At British Airways, Stephen Forbes, director of Meropa in charge of BA’s communication in South Africa, says the airline’s A350 plane “will also promote a feeling of well-being, space and calm due to its reduced noise levels, high ceilings and ambient lighting which is intended to complement the time of day and outside light. Customers will leave their flight feeling rested thanks to higher levels of humidity and refreshed air as the cabin pressure is equivalent to an altitude of just 6,000 feet. There are also environmental benefits to flying on the state-of-the-art A350 as 25% lower fuel burn significantly reduces CO2 emissions.”
Instead of the usual seating options within first, business and economy classes, customers will be able to custom-make their own seating arrangements depending on how much they pay.
Comfort, seating arrangements and broadened choices are not the only variations being made to the future of commercial aircraft; supersonic passenger jets might soon be back on the runway.
The dream to fly faster than the speed of sound became a reality when, on 2 March 1969, the first “turbojet-powered supersonic passenger airliner”, Concorde 001, a collaboration between French Aerospatiale and the British Aircraft Corporation (BAC), made a test flight from Toulouse; it went supersonic the following October and was operated commercially seven years later, in January 1976.
The Concorde, the first-ever commercial supersonic to comfortably cruise at Mach 2.02 or around 2,156 km per hour, had a distinctive structural design – a prototypical droop nose – cutting-edge engineering and the ability to transport people from New York to Paris in under 3.5 hours, at an altitude of 18,300m.
It was also awfully costly (a unit cost around $157-million – about R2-billion – to produce, and a return ticket from London to New York about R178,700) and produced loud sonic booms, the sound produced by a shock wave when the plane travels through the air faster than the speed of sound, which meant it was banned from flying at supersonic speeds over land because of the noise it produced.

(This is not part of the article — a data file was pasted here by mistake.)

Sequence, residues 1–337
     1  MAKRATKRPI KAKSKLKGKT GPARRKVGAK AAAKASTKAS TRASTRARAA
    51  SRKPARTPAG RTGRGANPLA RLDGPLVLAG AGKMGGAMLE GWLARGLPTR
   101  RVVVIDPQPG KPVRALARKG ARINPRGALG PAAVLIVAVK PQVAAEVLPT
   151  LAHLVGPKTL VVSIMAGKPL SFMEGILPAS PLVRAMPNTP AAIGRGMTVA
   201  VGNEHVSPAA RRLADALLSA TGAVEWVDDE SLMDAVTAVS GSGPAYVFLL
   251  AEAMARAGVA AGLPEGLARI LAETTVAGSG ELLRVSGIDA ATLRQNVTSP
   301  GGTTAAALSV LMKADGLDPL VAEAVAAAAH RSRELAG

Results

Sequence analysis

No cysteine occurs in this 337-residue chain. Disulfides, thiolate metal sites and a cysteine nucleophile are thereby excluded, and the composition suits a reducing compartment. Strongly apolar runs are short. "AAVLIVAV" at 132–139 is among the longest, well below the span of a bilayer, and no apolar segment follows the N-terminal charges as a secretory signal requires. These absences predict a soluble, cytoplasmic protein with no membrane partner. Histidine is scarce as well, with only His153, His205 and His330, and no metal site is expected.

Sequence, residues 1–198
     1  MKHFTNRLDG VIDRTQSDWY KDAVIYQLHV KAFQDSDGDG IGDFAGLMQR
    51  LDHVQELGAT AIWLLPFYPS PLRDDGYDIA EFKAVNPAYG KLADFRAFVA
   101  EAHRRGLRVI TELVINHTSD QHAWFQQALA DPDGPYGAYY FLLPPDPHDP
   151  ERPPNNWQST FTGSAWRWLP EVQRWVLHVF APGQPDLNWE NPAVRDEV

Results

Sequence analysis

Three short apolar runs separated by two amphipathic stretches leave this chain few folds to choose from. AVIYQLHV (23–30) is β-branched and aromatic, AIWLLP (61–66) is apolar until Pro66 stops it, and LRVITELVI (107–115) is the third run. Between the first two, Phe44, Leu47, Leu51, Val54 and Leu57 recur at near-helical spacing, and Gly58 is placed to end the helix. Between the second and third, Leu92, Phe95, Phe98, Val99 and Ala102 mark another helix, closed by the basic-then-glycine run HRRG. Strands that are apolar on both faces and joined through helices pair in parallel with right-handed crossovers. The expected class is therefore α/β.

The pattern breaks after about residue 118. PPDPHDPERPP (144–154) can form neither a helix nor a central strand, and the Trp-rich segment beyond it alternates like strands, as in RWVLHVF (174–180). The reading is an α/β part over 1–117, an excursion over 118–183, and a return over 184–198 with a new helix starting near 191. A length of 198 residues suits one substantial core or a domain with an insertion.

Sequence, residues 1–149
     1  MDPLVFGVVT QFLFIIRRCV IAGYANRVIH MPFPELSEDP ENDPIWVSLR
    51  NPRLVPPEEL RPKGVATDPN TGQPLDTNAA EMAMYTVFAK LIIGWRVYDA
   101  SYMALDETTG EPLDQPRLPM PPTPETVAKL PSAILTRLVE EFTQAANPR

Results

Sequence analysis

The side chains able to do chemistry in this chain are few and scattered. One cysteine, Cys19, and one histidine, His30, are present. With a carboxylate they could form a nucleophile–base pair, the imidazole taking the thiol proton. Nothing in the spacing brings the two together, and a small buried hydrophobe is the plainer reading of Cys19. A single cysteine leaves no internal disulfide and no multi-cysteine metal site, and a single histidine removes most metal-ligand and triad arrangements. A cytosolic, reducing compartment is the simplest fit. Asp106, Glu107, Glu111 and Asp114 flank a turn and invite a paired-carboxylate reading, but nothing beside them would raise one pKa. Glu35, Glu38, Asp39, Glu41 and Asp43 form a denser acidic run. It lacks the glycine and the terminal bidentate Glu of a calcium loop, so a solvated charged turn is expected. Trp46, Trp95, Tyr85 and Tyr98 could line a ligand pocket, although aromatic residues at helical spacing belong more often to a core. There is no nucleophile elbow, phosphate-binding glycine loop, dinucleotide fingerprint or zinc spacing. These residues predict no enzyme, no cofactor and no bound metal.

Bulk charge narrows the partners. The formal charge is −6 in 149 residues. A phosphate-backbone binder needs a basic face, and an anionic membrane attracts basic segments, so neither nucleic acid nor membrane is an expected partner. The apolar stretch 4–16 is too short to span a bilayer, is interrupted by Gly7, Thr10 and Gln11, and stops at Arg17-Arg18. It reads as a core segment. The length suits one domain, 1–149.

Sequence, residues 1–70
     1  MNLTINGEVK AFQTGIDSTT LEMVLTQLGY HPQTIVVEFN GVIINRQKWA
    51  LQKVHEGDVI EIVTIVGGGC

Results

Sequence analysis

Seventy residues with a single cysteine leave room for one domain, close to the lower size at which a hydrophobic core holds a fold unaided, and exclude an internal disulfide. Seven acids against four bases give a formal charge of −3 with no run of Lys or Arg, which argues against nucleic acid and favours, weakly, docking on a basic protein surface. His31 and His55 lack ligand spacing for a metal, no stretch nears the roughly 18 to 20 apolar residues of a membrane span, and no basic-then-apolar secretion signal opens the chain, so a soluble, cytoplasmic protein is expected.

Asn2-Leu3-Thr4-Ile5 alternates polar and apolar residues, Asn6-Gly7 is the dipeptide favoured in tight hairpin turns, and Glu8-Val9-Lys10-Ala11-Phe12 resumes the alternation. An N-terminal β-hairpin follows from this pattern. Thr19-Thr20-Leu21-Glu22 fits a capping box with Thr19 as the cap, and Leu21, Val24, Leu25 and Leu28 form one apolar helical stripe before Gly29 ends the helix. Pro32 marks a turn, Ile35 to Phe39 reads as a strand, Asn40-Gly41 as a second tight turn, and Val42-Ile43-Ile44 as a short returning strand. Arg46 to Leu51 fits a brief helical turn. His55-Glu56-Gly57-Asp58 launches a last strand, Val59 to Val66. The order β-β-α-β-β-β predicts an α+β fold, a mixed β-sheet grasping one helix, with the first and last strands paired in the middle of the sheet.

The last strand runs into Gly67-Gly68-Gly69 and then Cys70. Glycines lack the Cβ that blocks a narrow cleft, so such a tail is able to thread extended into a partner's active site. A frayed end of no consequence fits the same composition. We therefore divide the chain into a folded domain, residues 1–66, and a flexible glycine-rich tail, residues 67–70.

Often dubbed an “aviation icon”, the Concorde was a mastery of engineering and a dream sparked when in 1947, US pilot Chuck Yeager broke the sound barrier in Bell X1 (which he named “Glamorous Glennis” after his wife) and commercial airlines started to plan supersonic planes for commercial use. It was also an implausible progression from the first commercial plane that had flown only 62 years earlier with customer Abram Pheil on board.
In 2003, the Concorde, operated by British Airways, made its last flight, from JFK Airport to London Heathrow. Air France, the only other airline to operate the Concorde, had run its supersonic jet’s final flight the previous June before retiring it to Toulouse. And on 24 October 2003, the Concorde retired after 27 years of astonishing engineering prowess and irresolvable commercial challenges.
Fast-forward to 2019 and supersonic passenger aircraft are still an exhilarating development for engineers and billionaires the world around. Boom Supersonic is a start-up that claims its plane will be able to fly twice as fast as a subsonic plane at a price close to a business class ticket; they also maintain that they will be open for business in 2023 – with Japan Airlines and Virgin Group as the group’s future operators, and 30 aircraft on pre-order.
At a mere Mach 1.4 (1 728,72 km/h), not quite as fast as Concorde, but not bad either, Aerion Supersonic will offer commercial flights from 2023.
Spike Aerospace with up to 18 seats, dubbed “the world’s first quiet supersonic jet” (it is claimed to have no loud sonic boom), will fly from Dubai to New York non-stop at “twice the speed of other jets” (aka subsonic planes).
The British business magnate Sir Richard Branson once said, “We will be producing supersonic planes which will go far, far faster than Concordes. New York to Tokyo could be less than an hour. You could be travelling at 19,000 miles an hour orbitally.” He might not be completely wrong. ML